The disease explained her voice, of course, and the fact that she wore a wig. Ironic that that which was killing her also gave her the appearance of someone much older, while in her head she had matured as well.
I said, "Isn't there a cure?"
"Yeah, sure there is. But a cure costs creds, Abe. And not even my pay off was enough."
I recalled her words. "How can I help you?"
"I need creds. I want the cure. I also want to be beautiful-"
Then she realised how funny that was and she laughed too.
"See that beautiful woman at the bar?" she asked. "The one zonked on jugular-juice and out of it."
"So she's dead ugly - honest."
"I thought you just said she was beautiful?"
Jo smiled, "You ever seen here before?"
"She doesn't come in here when I'm on. I'd recognize her."
"Yeah? Ever noticed an old woman, maybe a hundred and fifty? All bags and wrinkles? It's the same woman. She has the latest sub-dermal capillary electro-cosmetics. What you see there is a clever light show, a laser display to deceive the eye into beholding beauty. I want one."
I protested that art wasn't my kick, but she insisted. When I tried to find out what she had planned, she clammed up. She stomped along the boulevard, pulling me after her. We made an odd couple, even among countless odd couples. She wore callipers to assist her wasted leg muscles, unadorned leg-irons without automation.
It was nighttime in Paris that month, a time for punks and freaks and assorted nocturnals to live it up beneath the darkened dome. Next month it would be Spring daylight for a stretch, and Gay Paree would cater to water-colourists and crystal artists and young lovers.
We did the Louvre.
We saw the Mona Lisa and a hundred other art treasures of Earth. Then we strolled around the hall of alien artifacts and came at last to the Chamber of Light, a circular room containing the Star of Epsilon VII. Jo just stared, open-mouthed.
The diamond burned as bright as any primary, filling the chamber with golden light. It stood on a pedestal, protected by a hexagon of high-powered lasers.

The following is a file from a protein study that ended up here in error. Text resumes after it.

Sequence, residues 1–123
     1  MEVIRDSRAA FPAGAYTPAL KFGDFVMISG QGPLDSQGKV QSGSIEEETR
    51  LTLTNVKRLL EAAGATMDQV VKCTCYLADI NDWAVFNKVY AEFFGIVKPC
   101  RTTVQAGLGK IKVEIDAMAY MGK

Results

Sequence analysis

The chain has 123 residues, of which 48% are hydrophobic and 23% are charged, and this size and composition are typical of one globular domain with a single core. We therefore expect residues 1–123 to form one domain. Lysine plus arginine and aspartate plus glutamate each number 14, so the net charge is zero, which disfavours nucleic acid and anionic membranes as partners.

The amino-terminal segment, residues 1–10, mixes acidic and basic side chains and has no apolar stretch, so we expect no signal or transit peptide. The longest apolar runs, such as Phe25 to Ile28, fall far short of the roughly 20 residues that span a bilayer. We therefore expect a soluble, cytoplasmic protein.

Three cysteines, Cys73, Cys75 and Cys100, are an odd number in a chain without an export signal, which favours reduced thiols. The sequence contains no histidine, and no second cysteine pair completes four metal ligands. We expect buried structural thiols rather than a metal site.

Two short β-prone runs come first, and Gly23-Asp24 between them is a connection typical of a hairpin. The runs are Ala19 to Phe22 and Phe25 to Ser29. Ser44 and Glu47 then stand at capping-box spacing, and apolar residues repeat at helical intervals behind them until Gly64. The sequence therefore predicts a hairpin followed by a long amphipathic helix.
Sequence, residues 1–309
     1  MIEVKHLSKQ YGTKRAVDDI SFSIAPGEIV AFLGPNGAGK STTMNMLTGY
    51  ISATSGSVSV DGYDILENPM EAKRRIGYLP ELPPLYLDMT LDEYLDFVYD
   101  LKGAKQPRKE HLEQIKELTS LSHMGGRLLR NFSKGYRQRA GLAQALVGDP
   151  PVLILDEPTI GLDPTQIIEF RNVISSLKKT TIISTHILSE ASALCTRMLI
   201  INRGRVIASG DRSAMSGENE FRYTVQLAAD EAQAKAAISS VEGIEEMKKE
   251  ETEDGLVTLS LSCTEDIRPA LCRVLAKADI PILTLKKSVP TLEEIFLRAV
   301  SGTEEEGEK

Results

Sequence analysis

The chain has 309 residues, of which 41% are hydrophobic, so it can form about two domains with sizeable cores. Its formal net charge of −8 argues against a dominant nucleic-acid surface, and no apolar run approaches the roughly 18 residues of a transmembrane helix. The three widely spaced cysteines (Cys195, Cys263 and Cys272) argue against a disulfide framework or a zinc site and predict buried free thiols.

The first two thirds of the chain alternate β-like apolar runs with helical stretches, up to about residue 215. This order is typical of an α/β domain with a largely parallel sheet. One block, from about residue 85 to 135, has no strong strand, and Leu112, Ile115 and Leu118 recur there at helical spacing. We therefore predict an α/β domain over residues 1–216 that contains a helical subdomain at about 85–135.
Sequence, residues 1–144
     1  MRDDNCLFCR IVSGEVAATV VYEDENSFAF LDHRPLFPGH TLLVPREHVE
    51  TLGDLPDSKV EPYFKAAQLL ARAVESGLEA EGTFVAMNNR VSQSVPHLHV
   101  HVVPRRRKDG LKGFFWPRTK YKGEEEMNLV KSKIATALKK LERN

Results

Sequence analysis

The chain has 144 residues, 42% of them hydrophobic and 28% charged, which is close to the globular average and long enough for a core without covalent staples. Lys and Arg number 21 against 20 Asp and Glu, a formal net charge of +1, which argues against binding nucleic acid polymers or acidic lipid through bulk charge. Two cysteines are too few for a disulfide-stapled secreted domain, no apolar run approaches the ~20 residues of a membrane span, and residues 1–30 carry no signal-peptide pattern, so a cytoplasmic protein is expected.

"Do you know it's story?" Jo whispered. "They call it the 'Healing Stone'."
A hundred years ago, at the infancy of starflight... An expedition to the Lyra in Beta cluster... The bigship made touchdown on a new world, an Earth-norm planet never before explored. The spacers mapped and charted and came up with another world fit for human colonisation, and lifted off. And after three days in space the crew came down with a potentially lethal viral infection, and they re-routed to the nearest Terran base with adequate medical facilities to deal with the hundred-plus dying spacers... And the ship hit trouble, crashlanded on Epsilon VII, uncharted and hostile, light years from anywhere and months away from help... So the crew set to work concocting a cure from the resources at hand on the planet... And on the day that a boosted-monkey found a giant diamond, the Star of Epsilon, the drugs administered to the dying crew began to take effect... And they pulled through with no casualties... And the spacers, a superstitious lot at the best of times, put it down to the luck of the largest diamond ever discovered.
The Healing Stone.
"Do you believe that?" I asked Jo.
She smiled. "Do you?"
I contacted my agent. "I need more material! My repertoire's getting stale, all the same old stuff. The competition has everything I've got, and more-"